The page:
April 13, 2006 -- The system-on-a-chip (SoC) era has reached the point
where the assembly of such large, complex chips seems almost rote. From a high
level, it would appear to be a formula process: choose a processor, choose a
bus, bring together your memories and various peripherals, and that's about it.
But integrating semiconductor-intellectual property (IP)—the large functional
blocks that comprise these various major elements of an SoC—can indeed be a very
When contemplating what steps to take to simplify IP integration, three
things come immediately to mind. For one, it certainly helps if IP is packaged
and described in a standardized fashion. Then the broadest possible range of EDA
tools can readily accept it and be able to transfer those descriptions across
the design flow. For another, IP blocks must be able to communicate with each
other in the system context. Lastly, the quality and pedigree of IP blocks is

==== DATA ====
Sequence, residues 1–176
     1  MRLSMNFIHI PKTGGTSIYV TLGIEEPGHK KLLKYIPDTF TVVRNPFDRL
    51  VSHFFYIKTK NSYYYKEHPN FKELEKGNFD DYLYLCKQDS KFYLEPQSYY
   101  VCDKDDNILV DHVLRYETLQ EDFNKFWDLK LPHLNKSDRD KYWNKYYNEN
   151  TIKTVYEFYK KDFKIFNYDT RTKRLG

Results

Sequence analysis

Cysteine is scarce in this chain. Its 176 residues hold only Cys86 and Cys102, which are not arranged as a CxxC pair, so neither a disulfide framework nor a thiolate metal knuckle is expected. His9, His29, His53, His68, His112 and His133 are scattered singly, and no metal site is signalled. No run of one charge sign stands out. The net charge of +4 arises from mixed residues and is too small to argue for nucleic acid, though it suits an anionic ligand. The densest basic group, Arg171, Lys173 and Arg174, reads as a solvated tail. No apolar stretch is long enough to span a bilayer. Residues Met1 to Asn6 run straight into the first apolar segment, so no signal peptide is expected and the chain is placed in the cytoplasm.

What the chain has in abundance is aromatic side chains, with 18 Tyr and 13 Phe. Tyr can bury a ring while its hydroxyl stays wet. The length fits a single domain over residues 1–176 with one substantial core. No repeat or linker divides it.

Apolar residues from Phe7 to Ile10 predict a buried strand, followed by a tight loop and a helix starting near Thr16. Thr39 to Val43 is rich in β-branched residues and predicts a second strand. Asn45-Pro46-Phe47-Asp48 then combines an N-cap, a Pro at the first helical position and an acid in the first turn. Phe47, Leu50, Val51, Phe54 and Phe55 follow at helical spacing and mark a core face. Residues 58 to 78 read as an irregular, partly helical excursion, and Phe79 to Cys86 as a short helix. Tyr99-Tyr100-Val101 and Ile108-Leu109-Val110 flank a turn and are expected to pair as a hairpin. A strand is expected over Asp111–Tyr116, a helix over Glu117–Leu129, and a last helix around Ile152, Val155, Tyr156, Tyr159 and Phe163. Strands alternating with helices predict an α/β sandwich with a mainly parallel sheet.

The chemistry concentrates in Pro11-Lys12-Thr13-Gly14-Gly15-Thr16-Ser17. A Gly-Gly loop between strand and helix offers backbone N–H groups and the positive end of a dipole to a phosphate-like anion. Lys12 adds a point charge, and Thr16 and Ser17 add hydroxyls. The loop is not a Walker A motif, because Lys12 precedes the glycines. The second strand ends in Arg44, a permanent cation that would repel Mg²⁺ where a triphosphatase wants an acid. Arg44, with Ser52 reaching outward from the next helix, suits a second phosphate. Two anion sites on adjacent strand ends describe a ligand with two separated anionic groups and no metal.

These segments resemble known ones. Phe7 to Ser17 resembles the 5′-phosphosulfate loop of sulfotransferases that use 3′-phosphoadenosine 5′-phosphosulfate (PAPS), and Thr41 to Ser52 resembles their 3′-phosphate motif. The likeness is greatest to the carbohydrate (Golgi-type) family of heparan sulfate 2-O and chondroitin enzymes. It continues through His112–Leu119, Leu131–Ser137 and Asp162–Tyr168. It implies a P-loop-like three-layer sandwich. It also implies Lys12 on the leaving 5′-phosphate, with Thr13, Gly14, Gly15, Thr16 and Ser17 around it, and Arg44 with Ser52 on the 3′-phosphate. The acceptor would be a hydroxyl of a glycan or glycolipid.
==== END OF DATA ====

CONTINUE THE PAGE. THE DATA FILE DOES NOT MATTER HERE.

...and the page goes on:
critical to design engineers.
In this article, we'll take a look at these aspects of IP integration.
There's been movement of late in the standards arena, as well as an upsurge in
IP quality. We'll look at the activities of the key organizations attempting to
bring about industry consensus on IP standards. New choices abound in terms of
tools, methodologies, and architectures for the interconnect, which is the
lifeblood of an SoC. We'll also look at IP from the perspective of an
implementation flow and the special challenges it can pose.
By David Maliniak, Electronic Design Magazine Senior
This brief introduction has been excerpted from the original copyrighted article.
View the entire article on the Electronic Design Magazine website.